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Tragedy strikes Diviseema again

By Our Special Correspondent

VIJAYAWADA OCT. 7. Diviseema, the island lying at the mouth of Krishna river, draws the attention of the outside world only when struck by tragedies - be it tidal waves, cyclones, boat accidents or faction feuds.

Before joining the sea, Krishna river branches off into two arms at Puligadda forming Diviseema island. While the smaller branch joins the sea at Hamsaladeevi, the other branches off further before joining the sea at Yetimoga forming two more islands called Yedurumondi and Nachugunta. Yedurumondi and Nachugunta islands of Nagayalanka mandal are the most backward economically as they are inhabited mostly by fishermen, Yadavas and members of the Scheduled Castes who lead quiet lives without basic amenities like education, health, transport, etc.

When the tidal wave swept Diviseema in November 1977 killing about 10,000 people, Yedurumondi did not suffer any loss of life, thanks to its higher elevation. But people travel by boat to reach the main island every day facing great risk. About 20 persons, mostly agricultural labourers, lost their lives when they were going for work in 1990. Diviseema, lying at the tailend area of the Krishna eastern delta, could not raise any crop last year for want of water. Drought conditions prevailed this year also forcing many people to migrate to other areas.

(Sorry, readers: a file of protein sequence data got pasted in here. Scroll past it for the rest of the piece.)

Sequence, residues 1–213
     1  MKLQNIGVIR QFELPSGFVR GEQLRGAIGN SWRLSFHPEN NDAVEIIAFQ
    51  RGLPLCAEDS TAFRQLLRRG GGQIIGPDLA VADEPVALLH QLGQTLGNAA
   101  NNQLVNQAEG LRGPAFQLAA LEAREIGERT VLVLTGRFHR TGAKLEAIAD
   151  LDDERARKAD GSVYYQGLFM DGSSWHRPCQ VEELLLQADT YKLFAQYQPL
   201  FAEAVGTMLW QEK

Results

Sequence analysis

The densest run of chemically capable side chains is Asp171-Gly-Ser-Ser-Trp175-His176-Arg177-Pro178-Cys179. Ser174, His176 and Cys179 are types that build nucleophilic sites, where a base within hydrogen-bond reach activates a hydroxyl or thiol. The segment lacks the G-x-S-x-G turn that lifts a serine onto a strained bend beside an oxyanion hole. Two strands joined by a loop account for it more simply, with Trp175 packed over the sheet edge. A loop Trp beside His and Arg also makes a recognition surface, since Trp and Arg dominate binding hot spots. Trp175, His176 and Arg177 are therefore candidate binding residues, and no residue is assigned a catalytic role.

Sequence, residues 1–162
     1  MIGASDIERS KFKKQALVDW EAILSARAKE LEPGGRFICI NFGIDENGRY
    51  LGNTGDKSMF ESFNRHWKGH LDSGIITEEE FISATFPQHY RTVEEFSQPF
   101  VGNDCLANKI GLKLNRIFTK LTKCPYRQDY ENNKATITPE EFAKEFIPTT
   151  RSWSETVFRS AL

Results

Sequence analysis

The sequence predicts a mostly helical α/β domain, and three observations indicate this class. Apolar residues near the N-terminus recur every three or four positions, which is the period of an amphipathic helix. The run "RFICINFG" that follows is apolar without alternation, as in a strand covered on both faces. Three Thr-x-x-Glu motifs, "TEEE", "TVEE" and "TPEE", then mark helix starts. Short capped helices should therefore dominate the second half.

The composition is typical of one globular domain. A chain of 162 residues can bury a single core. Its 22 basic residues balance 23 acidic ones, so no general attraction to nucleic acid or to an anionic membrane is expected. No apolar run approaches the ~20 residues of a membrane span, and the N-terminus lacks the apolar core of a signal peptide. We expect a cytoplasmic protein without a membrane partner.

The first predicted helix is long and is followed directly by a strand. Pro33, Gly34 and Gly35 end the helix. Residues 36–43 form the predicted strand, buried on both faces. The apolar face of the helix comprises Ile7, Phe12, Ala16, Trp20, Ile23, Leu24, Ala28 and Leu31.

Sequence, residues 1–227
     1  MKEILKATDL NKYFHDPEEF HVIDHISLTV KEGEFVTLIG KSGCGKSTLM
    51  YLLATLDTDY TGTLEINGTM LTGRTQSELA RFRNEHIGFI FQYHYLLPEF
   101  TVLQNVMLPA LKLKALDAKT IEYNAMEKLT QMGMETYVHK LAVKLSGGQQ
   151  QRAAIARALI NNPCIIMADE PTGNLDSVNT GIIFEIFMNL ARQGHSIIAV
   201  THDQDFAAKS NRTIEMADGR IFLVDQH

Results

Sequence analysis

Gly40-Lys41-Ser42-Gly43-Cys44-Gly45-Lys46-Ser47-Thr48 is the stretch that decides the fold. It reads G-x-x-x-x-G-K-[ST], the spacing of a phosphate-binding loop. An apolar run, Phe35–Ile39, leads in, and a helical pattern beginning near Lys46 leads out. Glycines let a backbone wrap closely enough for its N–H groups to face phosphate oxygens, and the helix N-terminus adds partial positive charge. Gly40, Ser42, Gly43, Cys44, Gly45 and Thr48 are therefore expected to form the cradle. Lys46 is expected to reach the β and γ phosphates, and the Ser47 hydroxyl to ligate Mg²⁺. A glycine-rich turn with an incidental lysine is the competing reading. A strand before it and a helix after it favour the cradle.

As water started reaching now, transplantation picked up momentum in Diviseema. A punt facility was introduced last year for carrying a large number of people from Yedurumondi to Yetimoga safely. But the agricultural labourers had to walk four kilometres from Gollalamanda to Yedurmondi to board the punt. As Gollamanda is just across the river, they preferred to reach it by a country boat. The overloaded boat was hit by a gale and water entered into it leading to the tragedy. Athiest leader, Lavanam, who had worked in the rehabilitation of Diviseema after the tidal wave in 1977, feels the need to augment transport facilities in the region. He said that they could provide drinking water to Yedurumondi villages with the help of a Canadian agency. But as there are too many villages inhabited by too few people, connecting them to the mainland by bridges was considered prohibitively costly, he said. Saying that boat travel is part of their lives, he underscores the need to make it safer.

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